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Sir Isaac Newton PRS MP (25 December 1642 – 20 March 1727 [NS: 4 January 1643 – 31 March 1727]) was an English physicist, mathematician, astronomer, natural philosopher, alchemist and theologian, who has been "considered by many to be the greatest and most influential scientist who ever lived." His monograph Philosophiæ Naturalis Principia Mathematica, published in 1687, lays the foundations for most of classical mechanics. In this work, Newton described universal gravitation and the three laws of motion, which dominated the scientific view of the physical universe for the next three centuries. Newton showed that the motions of objects on Earth and of celestial bodies are governed by the same set of natural laws, by demonstrating the consistency between Kepler's laws of planetary motion and his theory of gravitation, thus removing the last doubts about heliocentrism and advancing the Scientific Revolution.
The Principia is generally considered to be one of the most important scientific books ever written, due, independently, to the specific physical laws the work successfully described, and for the style of the work, which assisted in setting standards for scientific publication down to the present time. Newton built the first practical reflecting telescope and developed a theory of colour based on the observation that a prism decomposes white light into the many colours that form the visible spectrum. He also formulated an empirical law of cooling and studied the speed of sound. In mathematics, Newton shares the credit with Gottfried Leibniz for the development of differential and integral calculus. He also demonstrated the generalised binomial theorem, developed Newton's method for approximating the roots of a function, and contributed to the study of power series.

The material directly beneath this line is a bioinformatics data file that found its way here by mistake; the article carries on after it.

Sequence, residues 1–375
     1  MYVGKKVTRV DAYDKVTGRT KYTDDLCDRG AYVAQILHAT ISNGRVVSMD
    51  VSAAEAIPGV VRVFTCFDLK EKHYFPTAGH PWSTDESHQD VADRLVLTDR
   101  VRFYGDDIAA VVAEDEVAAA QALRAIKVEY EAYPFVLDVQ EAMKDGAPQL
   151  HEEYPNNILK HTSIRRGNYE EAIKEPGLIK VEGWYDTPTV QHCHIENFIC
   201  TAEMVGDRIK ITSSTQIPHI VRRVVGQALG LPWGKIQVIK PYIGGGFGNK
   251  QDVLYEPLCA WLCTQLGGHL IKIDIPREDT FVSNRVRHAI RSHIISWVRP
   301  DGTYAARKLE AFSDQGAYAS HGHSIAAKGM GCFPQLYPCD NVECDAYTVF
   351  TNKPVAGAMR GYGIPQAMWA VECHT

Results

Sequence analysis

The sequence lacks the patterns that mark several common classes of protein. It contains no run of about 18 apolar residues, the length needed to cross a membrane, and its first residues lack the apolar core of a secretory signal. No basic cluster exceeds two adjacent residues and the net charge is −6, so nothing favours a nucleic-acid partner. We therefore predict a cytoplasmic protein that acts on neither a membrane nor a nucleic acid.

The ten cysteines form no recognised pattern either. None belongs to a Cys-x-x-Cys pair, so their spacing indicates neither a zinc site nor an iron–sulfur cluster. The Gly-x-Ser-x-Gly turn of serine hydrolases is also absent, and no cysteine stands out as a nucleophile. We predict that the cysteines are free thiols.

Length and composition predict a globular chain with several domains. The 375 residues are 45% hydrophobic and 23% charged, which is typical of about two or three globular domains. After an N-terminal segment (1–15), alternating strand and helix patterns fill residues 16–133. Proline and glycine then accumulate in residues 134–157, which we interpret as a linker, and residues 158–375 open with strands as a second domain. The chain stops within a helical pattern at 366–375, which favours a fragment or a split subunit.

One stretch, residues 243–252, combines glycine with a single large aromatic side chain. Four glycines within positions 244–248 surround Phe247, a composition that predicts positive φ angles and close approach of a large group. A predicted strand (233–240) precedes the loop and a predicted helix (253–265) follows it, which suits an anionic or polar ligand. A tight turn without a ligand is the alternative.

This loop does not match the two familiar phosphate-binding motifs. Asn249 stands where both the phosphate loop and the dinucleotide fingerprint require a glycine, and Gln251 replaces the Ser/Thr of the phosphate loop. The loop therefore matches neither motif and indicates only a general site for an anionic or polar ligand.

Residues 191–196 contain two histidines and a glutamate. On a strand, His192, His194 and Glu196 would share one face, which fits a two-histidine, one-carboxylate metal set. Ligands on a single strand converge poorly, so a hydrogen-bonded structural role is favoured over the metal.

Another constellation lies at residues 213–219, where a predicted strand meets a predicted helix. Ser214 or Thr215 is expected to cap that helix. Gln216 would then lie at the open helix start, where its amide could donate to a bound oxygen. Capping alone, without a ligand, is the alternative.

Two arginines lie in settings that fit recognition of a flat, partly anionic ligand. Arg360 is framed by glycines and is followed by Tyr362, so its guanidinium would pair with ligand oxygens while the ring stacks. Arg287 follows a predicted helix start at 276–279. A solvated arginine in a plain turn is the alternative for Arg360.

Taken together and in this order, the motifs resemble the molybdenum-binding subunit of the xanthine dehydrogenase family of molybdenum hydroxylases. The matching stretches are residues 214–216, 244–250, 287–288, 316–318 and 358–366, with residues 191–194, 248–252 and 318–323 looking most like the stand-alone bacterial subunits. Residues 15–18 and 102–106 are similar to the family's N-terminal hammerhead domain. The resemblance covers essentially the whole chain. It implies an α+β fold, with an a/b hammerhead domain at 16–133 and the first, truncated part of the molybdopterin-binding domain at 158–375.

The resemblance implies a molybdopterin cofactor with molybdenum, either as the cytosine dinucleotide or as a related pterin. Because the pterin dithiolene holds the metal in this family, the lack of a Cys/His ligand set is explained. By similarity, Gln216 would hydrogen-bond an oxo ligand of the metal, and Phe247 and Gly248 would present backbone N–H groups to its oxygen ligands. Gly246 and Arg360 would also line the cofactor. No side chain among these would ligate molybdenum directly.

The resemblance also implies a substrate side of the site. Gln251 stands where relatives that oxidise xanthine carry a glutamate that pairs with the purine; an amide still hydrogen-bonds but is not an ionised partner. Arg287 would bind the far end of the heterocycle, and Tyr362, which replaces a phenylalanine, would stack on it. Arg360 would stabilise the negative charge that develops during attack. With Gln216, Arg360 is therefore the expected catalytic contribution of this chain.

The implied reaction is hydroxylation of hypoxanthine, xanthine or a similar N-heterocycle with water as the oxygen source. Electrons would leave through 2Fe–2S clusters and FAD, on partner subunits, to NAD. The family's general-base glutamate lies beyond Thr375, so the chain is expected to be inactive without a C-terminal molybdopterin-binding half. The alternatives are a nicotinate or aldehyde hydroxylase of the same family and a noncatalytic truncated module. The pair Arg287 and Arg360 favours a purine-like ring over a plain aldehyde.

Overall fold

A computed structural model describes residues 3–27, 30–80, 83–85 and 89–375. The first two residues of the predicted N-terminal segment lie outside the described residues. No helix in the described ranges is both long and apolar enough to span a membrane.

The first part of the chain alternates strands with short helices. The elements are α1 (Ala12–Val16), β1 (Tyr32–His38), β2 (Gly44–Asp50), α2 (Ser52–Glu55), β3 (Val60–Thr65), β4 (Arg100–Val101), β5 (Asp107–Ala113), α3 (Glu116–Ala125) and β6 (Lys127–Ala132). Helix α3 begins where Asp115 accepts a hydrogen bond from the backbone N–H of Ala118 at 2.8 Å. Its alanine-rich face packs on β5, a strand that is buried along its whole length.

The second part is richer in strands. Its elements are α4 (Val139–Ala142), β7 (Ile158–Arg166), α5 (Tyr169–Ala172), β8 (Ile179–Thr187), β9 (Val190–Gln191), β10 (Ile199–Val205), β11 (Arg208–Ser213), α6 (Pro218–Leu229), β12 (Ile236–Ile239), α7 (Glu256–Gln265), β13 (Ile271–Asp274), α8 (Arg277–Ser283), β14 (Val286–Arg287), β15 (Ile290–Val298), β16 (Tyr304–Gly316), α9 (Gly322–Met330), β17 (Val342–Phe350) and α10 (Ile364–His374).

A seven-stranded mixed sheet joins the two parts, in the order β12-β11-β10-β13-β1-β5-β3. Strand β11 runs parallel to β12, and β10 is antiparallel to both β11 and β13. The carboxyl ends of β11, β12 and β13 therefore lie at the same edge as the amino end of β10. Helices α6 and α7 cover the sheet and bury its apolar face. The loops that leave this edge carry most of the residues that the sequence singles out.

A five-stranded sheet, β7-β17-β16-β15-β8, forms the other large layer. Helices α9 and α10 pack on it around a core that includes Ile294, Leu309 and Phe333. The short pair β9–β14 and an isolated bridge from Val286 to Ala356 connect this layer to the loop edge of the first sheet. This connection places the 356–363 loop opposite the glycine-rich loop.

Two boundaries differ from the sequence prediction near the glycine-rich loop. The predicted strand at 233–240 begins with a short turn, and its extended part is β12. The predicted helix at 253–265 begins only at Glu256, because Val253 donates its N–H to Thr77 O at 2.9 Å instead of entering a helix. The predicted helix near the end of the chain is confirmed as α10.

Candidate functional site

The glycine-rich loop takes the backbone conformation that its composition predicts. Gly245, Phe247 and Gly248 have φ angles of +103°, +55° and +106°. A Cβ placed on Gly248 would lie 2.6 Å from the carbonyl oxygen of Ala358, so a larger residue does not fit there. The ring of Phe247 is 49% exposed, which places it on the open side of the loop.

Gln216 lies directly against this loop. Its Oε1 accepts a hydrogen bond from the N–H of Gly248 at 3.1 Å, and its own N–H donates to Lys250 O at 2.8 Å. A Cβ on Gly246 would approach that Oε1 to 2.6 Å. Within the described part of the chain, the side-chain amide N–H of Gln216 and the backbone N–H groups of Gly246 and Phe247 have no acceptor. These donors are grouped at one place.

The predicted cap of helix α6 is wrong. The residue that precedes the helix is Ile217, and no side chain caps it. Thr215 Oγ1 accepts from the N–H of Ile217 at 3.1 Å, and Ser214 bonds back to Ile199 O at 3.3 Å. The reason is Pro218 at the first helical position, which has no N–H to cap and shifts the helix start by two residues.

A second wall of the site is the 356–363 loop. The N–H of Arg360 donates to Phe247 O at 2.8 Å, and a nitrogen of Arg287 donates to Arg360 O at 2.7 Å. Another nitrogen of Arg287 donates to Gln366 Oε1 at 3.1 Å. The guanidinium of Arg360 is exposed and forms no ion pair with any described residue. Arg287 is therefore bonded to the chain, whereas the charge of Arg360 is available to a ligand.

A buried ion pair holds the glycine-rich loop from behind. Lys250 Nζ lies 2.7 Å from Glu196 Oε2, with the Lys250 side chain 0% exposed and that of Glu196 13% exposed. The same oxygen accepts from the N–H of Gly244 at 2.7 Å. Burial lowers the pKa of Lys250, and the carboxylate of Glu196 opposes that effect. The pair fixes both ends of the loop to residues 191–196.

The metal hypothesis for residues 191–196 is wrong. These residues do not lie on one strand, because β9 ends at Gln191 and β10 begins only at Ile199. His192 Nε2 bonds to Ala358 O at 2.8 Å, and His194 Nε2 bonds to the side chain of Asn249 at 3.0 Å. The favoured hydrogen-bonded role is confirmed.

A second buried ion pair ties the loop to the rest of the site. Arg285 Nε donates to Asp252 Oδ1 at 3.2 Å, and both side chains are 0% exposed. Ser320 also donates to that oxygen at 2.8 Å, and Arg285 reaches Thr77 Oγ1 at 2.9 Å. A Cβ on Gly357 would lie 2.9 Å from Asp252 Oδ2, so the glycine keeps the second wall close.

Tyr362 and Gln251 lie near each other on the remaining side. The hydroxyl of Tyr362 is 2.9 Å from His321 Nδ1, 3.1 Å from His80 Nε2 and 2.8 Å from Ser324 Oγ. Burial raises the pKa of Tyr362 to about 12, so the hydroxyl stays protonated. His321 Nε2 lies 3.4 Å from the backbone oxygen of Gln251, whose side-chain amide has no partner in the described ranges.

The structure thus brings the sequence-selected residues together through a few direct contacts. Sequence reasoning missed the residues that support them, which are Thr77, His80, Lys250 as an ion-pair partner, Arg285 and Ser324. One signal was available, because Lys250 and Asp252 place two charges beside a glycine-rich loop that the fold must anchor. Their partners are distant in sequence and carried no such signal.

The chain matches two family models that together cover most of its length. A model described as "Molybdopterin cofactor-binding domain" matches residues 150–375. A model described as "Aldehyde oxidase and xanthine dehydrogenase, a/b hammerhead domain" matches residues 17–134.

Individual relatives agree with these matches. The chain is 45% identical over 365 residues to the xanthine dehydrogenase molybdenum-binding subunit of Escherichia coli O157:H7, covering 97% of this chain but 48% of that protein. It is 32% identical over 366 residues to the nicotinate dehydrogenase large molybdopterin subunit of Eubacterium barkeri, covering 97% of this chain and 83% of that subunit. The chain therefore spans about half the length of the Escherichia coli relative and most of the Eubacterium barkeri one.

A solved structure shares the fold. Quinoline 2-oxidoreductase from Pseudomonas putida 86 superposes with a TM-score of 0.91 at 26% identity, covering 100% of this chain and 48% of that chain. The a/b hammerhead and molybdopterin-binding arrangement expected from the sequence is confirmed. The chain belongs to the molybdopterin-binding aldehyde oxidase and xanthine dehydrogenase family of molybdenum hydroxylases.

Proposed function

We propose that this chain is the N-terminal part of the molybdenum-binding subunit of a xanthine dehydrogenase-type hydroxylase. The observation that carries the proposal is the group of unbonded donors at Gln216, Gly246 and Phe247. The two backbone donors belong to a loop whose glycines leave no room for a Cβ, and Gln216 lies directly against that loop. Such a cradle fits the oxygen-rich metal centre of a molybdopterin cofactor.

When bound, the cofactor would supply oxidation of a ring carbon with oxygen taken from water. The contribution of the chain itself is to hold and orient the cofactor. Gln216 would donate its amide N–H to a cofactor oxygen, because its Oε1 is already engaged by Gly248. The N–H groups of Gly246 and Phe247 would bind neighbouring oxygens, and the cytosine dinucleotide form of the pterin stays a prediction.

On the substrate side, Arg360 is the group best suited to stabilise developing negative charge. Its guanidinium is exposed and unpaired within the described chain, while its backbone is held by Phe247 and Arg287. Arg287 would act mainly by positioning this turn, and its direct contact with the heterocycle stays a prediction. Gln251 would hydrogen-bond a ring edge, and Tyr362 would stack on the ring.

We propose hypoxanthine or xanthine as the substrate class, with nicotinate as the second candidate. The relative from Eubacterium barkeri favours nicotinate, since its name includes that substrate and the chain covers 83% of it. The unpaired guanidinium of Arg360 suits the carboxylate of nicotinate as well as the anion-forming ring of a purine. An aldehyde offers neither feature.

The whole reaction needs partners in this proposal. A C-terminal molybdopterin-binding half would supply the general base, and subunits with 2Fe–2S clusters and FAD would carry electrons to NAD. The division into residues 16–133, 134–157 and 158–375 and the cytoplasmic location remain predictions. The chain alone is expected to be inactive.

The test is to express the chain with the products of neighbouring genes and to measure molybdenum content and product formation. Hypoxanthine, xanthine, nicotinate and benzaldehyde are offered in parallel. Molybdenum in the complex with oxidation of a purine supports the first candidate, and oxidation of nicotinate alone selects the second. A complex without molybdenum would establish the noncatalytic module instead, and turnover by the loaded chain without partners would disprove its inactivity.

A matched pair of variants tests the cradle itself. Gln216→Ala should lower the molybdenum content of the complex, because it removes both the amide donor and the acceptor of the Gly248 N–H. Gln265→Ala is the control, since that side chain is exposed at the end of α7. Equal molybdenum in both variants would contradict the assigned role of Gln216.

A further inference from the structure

Newton, although an unorthodox Christian, was deeply religious, and wrote more on Biblical hermeneutics and occult studies than on science and mathematics. Newton secretly rejected Trinitarianism, and feared being accused of refusing holy orders.
Newton's work has been said "to distinctly advance every branch of mathematics then studied". His work on the subject usually referred to as fluxions or calculus, seen in a manuscript of October 1666, is now published among Newton's mathematical papers. The author of the manuscript De analysi per aequationes numero terminorum infinitas, sent by Isaac Barrow to John Collins in June 1669, was identified by Barrow in a letter sent to Collins in August of that year as:
Newton later became involved in a dispute with Leibniz over priority in the development of infinitesimal calculus. Most modern historians believe that Newton and Leibniz developed infinitesimal calculus independently, although with very different notations. Occasionally it has been suggested that Newton published almost nothing about it until 1693, and did not give a full account until 1704, while Leibniz began publishing a full account of his methods in 1684. (Leibniz's notation and "differential Method", nowadays recognised as much more convenient notations, were adopted by continental European mathematicians, and after 1820 or so, also by British mathematicians.) Such a suggestion, however, fails to notice the content of calculus which critics of Newton's time and modern times have pointed out in Book 1 of Newton's Principia itself (published 1687) and in its forerunner manuscripts, such as De motu corporum in gyrum ("On the motion of bodies in orbit"), of 1684. The Principia is not written in the language of calculus either as we know it or as Newton's (later) 'dot' notation would write it. But his work extensively uses an infinitesimal calculus in geometric form, based on limiting values of the ratios of vanishing small quantities: in the Principia itself Newton gave demonstration of this under the name of 'the method of first and last ratios' and explained why he put his expositions in this form, remarking also that 'hereby the same thing is performed as by the method of indivisibles'.Mr Newton, a fellow of our College, and very young ... but of an extraordinary genius and proficiency in these things.